The other day we mentioned the on-going woes of the gold mining sector. It now appears that such difficulties have just taken a turn for the worse on two separate fronts. First, the investing crowd is evidently fed up with the (mis)management of this $60 billion industry. Buyers of such shares have had to endure two years of successive declines in value- a paradigm not seen since 1998, even as gold soared to above $1,900 in 2011.
Investors are accusing the producers of the yellow metal of being unable to control costs. They are also scratching their heads about the fact that at a time when it costs the miners an average of $585 to extract an ounce of the precioussss, they are failing to post what ought to be good earnings and their stocks are not trading with the previously promised leverage to the price of gold. Meanwhile, the production costs of an ounce of silver actually fell by 12% to its lowest level in five years.
The industry's benchmark HUI index has lost 24% in the past 24 months. Headline losers in the niche are household names among gold-oriented investors: IAM Gold, AngloGold Ashanti, and similar. Majors from Kinross to Barrick and to Newmont have fired CEOs, taken writedowns, or are still trying to figure out how to get out of the slump they are in. One portfolio manager remarked that many or all of the departed and/or still employed CEOs "relied on the gold price to bail them out, which actually is a very bad way to manage a business."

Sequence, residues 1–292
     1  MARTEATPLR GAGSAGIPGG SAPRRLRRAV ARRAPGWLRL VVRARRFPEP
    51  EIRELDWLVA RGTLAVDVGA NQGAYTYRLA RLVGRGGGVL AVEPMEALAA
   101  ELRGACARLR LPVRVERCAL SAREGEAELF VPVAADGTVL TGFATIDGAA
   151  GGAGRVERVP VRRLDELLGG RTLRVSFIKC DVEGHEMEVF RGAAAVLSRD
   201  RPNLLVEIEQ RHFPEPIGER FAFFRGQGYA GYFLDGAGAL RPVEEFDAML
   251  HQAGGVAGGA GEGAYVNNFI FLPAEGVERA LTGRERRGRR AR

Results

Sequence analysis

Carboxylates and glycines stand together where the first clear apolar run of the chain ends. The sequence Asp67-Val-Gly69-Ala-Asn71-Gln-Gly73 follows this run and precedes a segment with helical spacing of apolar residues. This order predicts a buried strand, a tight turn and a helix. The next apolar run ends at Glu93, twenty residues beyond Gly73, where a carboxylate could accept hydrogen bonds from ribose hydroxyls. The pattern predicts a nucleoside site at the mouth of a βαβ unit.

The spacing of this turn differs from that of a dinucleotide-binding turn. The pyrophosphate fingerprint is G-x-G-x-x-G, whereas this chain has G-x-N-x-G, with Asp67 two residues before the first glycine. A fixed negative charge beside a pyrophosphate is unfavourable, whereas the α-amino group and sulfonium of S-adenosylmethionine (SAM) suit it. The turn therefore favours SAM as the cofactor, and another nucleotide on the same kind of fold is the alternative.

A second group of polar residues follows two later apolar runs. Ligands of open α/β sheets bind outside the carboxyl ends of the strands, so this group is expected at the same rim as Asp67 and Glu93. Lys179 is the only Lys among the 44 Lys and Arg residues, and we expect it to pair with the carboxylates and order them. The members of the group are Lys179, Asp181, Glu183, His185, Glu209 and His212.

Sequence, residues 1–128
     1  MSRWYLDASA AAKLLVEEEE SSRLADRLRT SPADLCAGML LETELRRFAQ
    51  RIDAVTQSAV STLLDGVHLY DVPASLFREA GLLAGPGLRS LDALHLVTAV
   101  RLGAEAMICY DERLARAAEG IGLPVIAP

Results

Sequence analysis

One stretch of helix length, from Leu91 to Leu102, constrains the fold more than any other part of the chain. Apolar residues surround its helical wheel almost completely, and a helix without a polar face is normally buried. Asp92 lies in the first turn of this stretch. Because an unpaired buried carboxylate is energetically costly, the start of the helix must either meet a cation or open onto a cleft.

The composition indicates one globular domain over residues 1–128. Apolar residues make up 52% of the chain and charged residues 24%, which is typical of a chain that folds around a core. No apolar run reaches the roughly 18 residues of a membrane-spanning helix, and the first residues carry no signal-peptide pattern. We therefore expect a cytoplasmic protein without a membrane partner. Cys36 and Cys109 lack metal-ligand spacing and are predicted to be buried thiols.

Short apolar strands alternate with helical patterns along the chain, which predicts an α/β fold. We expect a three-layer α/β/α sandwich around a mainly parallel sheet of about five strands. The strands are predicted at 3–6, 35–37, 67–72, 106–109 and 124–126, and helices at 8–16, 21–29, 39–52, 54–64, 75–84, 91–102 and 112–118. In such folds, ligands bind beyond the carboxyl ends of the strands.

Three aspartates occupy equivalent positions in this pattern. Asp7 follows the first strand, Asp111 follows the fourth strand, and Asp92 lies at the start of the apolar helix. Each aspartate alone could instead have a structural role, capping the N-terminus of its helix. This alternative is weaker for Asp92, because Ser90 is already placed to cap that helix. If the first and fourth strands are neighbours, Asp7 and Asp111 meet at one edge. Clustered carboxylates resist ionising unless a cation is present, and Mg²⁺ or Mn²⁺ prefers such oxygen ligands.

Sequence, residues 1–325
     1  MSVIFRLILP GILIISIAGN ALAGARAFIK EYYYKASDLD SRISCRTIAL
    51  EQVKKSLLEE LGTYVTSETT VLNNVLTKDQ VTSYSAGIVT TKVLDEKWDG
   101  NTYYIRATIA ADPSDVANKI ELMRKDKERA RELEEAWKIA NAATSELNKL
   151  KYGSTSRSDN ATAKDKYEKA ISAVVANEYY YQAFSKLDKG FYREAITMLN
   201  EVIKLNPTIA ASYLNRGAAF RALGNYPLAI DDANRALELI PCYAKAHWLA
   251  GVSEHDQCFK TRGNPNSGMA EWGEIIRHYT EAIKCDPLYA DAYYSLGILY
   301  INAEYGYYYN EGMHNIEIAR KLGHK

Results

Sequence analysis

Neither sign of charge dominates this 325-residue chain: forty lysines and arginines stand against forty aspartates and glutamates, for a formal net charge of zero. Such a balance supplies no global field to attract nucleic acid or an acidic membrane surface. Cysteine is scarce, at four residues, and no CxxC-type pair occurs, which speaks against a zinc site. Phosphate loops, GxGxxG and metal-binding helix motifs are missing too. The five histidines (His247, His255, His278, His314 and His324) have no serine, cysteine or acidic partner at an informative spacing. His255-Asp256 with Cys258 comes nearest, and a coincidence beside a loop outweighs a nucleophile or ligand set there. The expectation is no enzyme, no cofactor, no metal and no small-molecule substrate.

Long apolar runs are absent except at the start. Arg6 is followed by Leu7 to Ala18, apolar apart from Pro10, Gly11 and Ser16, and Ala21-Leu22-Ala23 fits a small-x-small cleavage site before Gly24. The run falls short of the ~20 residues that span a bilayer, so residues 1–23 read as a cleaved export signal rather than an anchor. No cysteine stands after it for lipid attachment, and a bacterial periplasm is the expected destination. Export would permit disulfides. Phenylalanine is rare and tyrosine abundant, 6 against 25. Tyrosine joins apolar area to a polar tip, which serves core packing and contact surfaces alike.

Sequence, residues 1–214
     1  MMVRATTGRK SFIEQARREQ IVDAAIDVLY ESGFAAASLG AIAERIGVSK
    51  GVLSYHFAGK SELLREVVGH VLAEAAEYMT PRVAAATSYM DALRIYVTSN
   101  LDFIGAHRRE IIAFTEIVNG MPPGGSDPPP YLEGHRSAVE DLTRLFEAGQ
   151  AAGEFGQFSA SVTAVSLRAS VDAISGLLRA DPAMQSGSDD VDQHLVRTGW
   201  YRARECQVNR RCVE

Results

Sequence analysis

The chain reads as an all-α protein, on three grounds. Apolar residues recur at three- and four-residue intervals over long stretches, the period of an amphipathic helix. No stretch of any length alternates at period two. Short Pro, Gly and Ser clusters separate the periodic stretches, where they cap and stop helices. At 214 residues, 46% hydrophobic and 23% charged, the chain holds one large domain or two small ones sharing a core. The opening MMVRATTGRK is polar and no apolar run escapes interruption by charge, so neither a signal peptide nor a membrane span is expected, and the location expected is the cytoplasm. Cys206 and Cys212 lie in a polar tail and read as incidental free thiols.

If the above were not enough, now there is talk among US lawmakers that hardrock mine operators ought to cough up royalties on the order of 12.5% and add billions in revenues to the federal budget which is sorely in need of same. The US GAO office said that the time has come for US taxpayers to "also benefit from a gold price surge that has boosted the bottom line for miners." Under current rules there are no royalties being paid by such operators. For example, the royalties on the 1.1 million ounces of gold that were produced by the Goldstrike mine in Nevada would have yielded $150 million to American taxpayers.
A mining law that dates back to 1872 (!) has allowed miners to stake claims on federal land for literally pennies per acre whereas the coal, gas, and oil producers do not enjoy such privileges. Analysts say that it will be more difficult to extract an ounce of concessions from the miners than it is to extract an ounce of gold from deep within the ground. The industry has is seen as very strong political alliances. Thus, lawmakers may instead opt to go for disallowing some of the hefty tax breaks that the mining industry in the US claims every year. This is also a story to be continued in the wake of the Obama administration's quest to cut spending and raise revenues in order to close the nation's budget gap.